tain taxpayers sought to enjoin the county completed. They appear in court in the ca- commissioners from paying for the construcpacity of private suitors for the protection of tion of a public bridge. It was contended their personal interests. They bring the ac- that the board bad failed to comply with tion under chapter 334 of the Laws of 1905. the law in several particulars; but there was Until that act was passed private parties no charge of bad faith against the board or could not interpose an action of injunction of fraud in contracting for the building of against a proposed improvement until a tax the bridge, and it was said that so long as or charge had been placed against them or the board acted within its authority no intheir property and was about to be enforced. junction would lie to restrain it, and that "a The act named expanded the remedy of in- taxpayer who seeks to enjoin the payment of junction, and gives the taxpayer a right of money for the erection of a public bridge, action against a public officer or board to en- which he claims is being constructed in viojoin them from entering into any contract lation of law, must act with reasonable or doing any unauthorized act that might re promptness. If he is guilty of gross laches, sult ultimately in the creation of a burden and knowingly permits the contractor to inor the levying of a tax against his property. cur liabilities in good faith in the construcHe does not, however, sue in behalf of the tion of the greater portion of the work, an state, or in any representative capacity. As injunction will be denied." See, also, Sleepwas said in Water, Light & Gas Co. v. Rail- er v. Bullen, 6 Kan. 300; H. & S. Railroad Co. way Co., 74 Kan. 661, 87 Pac. 883: "This v. Com'rs of Kingman County, 48 Kan. 70, 28 statute gives the right of action at the incen- Pac. 1078, 15 L. R. A. 401, 30 Am. St. Rep. tion of any attempt to create such an illegal | 273; Tash v. Adams, 10 Cush. (Mass.) 252; burden. The plaintiff is not suing in behalf Kellogg v. Ely, 15 Ohio St. 64; Lamb v. Railof the public, or in the public's interest, but road Co., 39 Iowa, 333. in its own name for the protection of its The bridge was necessary for the convenown property. A judgment in its favor may ience of the people. No fraud is charged result in relieving all the property in the against the board in the letting of the concity from paying taxes to liquidate the in- tract. The board had power to build the debtedness which the city is trying to create; kind of a bridge that was contra sted for, and but that would be only an incident in the there is no claim that it is not worth the conprotection of its own property, and not a tract price. The case is unlike those citej reason why it should not be permitted to by plaintiff's where the commissioners were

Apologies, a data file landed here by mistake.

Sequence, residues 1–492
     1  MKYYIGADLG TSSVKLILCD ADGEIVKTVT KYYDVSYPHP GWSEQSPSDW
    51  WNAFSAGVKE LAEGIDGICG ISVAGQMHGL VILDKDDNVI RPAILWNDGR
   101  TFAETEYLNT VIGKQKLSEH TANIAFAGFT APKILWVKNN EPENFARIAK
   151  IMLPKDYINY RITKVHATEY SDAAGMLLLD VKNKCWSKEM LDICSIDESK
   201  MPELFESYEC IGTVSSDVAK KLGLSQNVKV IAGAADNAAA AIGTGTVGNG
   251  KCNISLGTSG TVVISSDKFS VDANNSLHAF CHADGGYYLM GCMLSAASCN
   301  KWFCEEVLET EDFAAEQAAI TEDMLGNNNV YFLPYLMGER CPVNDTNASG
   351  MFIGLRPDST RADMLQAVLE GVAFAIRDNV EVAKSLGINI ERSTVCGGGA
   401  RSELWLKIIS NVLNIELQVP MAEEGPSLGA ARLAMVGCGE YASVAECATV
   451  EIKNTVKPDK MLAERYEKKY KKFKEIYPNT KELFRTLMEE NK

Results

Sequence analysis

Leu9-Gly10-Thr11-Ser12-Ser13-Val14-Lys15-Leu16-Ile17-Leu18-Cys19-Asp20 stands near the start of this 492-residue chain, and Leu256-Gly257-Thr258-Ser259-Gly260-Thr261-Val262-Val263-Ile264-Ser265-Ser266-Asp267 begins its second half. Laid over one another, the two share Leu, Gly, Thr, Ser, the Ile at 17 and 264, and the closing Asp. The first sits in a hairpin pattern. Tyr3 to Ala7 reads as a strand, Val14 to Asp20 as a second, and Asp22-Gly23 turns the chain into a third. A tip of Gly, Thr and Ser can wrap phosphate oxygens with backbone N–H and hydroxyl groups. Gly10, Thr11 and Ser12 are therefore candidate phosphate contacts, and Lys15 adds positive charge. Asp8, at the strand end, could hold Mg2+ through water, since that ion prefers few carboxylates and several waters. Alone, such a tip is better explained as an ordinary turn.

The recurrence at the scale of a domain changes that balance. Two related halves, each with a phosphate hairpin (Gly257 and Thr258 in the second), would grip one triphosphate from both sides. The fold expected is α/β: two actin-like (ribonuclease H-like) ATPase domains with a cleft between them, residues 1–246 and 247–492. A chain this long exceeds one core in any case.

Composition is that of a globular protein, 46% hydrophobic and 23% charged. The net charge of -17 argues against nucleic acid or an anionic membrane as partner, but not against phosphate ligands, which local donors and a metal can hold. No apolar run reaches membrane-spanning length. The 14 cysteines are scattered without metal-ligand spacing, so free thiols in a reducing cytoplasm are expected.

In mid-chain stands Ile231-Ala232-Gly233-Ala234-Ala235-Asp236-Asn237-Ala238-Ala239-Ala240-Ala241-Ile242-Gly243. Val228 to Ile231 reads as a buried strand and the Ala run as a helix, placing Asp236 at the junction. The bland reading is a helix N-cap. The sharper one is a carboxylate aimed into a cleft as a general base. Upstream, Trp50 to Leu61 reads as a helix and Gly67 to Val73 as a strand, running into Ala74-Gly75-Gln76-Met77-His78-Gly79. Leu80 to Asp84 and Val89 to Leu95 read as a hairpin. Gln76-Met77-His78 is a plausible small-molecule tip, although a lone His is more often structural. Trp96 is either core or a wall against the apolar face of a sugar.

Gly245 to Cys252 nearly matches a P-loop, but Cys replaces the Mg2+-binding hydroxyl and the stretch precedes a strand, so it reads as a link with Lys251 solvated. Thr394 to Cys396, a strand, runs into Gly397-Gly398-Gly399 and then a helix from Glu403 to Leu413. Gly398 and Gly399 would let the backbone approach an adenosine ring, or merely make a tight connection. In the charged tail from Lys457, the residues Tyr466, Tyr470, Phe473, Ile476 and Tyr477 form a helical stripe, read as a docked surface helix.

and enjoin a public
improvement so nearly ta
wholly without authority to act. Here there sent of defendants J. H. Hazen and Lena was power, but it was defectively exercised. Ilazen, and with their knowledge and without The delay of the plaintiffs in challenging the objection from them at once made lasting and proceedings was unreasonable, and the court valuable improvements thereon, and that on rightly held that they were not entitled to the said date or on a later date between that equitable relief sought.
time and March 19, 1904, the defendants J. Judgment affirmed. All the Justices con- H. Ilazen and Lena Hazen, being together, curring.
verbally jointly agreed with the plaintiff to execute to him a deed to said property, pur
suant to the arrangement with Miller and fii Kan. 815)